A heavy drug binge equipped Marillion frontman Fish with the lyrical ideas that would anchor the band's concept album, an artistically challenging little project. Misplaced Childhood gives rise to tales of painful childhood experiences, lost love, and rock star lavishness. Fish's brilliant deftness with acerbic poetry and his distinct voice, supported by a very accomplished group of musicians, produced a great, great album.
Typical of neo-prog, Misplaced Childhood features lush musicianship but without the grandiosity and sophistication of a "true" progressive rock band. Some prog rock fans find Marillion (and the genre) boring. But this album is challenging from a thematic standpoint, and musically it is engaging because it dexterously straddles the line between low-key prog and enterprising pop/rock. The result is an album that attains a remarkable element of accessibility, but concurrently it fairly repays the intensive time it demands for the album to truly sink in and expose its greatness. This album is seductive, musically and especially lyrically; the songs compels exploration. The sonic surfaces are stylishly sad, but it's infectious at the same time. The album ends with "White Feather," a song with a hopeful note. It leaves you feeling good.
To conclude simply, if you're a neo-prog fan or an intelligent rock fan, I recommend picking up Misplaced Childhood.
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11 of 11 people found the following review helpful By Aaron Blight on June 19, 2001
Format: Audio CD
I have owned this album since it was originally released. I have owned it in vinyl, cassette, and now CD. Why do I continue to buy it when my old version wears out? Because "Misplaced Childhood" is simply one of my very favorite albums ever.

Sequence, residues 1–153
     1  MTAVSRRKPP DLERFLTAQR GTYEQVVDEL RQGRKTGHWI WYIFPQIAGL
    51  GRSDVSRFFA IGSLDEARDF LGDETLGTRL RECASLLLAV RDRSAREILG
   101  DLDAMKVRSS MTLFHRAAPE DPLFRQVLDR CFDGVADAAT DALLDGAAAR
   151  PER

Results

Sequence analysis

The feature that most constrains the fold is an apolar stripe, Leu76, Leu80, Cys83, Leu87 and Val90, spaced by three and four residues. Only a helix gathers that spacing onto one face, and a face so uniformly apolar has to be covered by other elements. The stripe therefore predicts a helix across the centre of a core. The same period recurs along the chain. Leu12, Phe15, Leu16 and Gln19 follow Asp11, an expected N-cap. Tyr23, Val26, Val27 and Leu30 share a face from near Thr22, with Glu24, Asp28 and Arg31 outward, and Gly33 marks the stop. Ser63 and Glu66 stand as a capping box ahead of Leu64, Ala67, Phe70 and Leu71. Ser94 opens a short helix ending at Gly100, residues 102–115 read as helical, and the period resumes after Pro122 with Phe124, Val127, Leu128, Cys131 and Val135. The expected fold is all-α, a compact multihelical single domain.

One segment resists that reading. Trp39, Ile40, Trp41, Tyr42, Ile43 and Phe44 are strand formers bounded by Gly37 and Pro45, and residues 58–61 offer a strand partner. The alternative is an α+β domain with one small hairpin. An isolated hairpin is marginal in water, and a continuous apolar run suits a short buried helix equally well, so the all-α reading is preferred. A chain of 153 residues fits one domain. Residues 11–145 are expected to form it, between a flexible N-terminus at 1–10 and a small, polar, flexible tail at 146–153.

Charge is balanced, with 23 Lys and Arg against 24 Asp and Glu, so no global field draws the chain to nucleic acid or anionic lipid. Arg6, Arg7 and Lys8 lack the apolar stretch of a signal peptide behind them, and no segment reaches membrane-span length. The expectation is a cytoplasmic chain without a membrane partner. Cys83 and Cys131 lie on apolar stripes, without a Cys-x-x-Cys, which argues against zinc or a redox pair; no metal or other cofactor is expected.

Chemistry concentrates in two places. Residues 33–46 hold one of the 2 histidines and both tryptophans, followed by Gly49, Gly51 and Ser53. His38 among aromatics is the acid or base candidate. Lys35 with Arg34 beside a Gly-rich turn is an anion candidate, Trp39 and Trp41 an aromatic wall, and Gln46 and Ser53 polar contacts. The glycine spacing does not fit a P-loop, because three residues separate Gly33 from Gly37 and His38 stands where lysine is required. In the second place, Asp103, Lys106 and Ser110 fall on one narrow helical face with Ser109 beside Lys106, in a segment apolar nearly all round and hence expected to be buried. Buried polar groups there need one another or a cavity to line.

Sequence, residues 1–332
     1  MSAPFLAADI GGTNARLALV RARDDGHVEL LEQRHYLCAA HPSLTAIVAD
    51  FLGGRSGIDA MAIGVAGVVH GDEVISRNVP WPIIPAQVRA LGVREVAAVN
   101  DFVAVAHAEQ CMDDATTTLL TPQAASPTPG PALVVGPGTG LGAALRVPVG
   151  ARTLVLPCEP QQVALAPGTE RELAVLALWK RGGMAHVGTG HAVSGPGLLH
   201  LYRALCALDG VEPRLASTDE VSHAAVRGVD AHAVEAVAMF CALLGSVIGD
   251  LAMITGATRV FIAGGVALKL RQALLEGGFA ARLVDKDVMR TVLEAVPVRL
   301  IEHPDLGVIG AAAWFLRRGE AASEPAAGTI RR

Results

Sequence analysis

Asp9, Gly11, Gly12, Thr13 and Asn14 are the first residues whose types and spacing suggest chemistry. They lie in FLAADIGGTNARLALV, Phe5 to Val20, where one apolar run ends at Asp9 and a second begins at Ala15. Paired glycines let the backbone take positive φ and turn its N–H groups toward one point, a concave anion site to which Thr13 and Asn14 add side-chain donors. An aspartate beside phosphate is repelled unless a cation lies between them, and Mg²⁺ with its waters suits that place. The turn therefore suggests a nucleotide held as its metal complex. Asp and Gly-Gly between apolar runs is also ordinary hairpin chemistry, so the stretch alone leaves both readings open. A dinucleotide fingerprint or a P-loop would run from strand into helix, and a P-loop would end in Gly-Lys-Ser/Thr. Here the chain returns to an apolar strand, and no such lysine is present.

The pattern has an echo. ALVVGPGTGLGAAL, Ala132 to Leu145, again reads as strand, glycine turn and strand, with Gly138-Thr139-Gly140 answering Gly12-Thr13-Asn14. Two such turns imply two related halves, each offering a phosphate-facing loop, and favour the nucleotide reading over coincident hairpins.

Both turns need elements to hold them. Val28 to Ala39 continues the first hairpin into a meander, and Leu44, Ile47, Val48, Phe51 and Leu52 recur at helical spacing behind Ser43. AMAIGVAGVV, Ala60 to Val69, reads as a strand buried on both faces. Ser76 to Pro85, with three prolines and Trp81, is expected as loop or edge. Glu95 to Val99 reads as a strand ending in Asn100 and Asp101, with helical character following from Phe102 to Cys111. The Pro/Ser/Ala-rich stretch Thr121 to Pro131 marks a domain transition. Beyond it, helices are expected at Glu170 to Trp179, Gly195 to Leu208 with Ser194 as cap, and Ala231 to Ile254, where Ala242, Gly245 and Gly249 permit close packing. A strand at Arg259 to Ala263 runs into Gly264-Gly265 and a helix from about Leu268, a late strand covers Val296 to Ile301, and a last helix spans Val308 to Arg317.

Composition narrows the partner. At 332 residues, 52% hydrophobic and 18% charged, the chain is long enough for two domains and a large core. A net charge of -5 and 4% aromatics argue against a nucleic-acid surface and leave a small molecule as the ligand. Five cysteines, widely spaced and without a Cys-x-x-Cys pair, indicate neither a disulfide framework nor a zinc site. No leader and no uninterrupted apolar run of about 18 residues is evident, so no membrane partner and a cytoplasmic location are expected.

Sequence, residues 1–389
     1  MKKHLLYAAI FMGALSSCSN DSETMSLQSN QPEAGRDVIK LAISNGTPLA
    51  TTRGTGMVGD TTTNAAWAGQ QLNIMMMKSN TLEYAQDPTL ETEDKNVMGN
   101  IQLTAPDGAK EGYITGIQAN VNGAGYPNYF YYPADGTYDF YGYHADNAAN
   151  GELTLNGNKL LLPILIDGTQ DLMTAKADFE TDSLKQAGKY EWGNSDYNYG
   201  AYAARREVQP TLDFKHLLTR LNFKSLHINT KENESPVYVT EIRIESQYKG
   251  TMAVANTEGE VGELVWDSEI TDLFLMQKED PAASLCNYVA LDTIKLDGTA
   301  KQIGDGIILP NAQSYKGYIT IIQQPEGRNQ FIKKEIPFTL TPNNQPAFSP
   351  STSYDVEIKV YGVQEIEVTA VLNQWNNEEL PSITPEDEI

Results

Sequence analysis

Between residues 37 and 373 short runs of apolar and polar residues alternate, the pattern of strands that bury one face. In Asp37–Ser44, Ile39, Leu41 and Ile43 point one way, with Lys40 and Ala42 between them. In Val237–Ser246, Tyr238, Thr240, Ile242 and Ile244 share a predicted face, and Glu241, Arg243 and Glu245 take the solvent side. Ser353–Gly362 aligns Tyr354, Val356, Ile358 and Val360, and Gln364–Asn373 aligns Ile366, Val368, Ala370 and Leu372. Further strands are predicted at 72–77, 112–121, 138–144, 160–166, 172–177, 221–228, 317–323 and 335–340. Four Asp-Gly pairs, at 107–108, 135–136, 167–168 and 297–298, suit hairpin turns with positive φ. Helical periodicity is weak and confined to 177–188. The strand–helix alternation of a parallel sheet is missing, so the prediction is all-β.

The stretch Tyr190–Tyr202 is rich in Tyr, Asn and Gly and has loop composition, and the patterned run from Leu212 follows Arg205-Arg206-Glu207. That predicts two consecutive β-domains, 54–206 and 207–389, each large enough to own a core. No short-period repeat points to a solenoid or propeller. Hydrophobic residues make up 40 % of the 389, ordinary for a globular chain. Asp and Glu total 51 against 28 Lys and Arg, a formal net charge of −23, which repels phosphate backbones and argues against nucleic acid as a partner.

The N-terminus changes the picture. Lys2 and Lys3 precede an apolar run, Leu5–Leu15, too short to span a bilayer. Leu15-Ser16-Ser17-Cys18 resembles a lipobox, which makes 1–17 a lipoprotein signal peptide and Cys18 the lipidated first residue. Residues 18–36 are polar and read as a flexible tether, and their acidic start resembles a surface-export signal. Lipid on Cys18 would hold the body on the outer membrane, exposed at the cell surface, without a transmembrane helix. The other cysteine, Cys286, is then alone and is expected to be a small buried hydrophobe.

This is a concept album, composed after the progressive rock style. This is a intelligent, variable, engaging music. The musicianship is superb; the songwriting is oustanding; and the lyrics are mesmerizing. I own many (if not all) Marillion albums, and "Misplaced Childhood" stands out far above the rest, in my opinion. This album is simply brilliant.
All the songs flow together so that they sound like one continuous piece of music. The moods range from gentle introspection to agressive defiance. Fish passionately sings lyrics that are often cryptic but allow the listener to conjure up his/her own individual interpretation or images of what each song is about. Other songs, such as "Kayleigh," are more straight forward lyrically, dealing with more obvious themes. And the band adds beautifully to Fish's words, creating a variable and always appropriate musical ambience.
You simply have to listen to all songs on this album in order in their entirety to get the full magnitude of Marillion's work. Every song is unique. Every song is majestically performed. Every song contributes to the magnificence of this album.
I cannot say enough good about this disc. I LOVE IT!
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15 of 16 people found the following review helpful By Van Gogh on December 28, 2005
Format: Audio CD
If you like Genesis, Rush, Dream Theater, Yes or King Crimson, then this album is a must listen. Often overlooked or misunderstood, Marillion was THE prog-rock band of the 80s and 90s. This concept album is an emotional journey with great highs and melancholy lows. Put on the headphones, turn down the lights, have a glass of wine and let this album take you on a 40 minute emotional journey. The lyrics are gut-wrenching and the music is top of the line.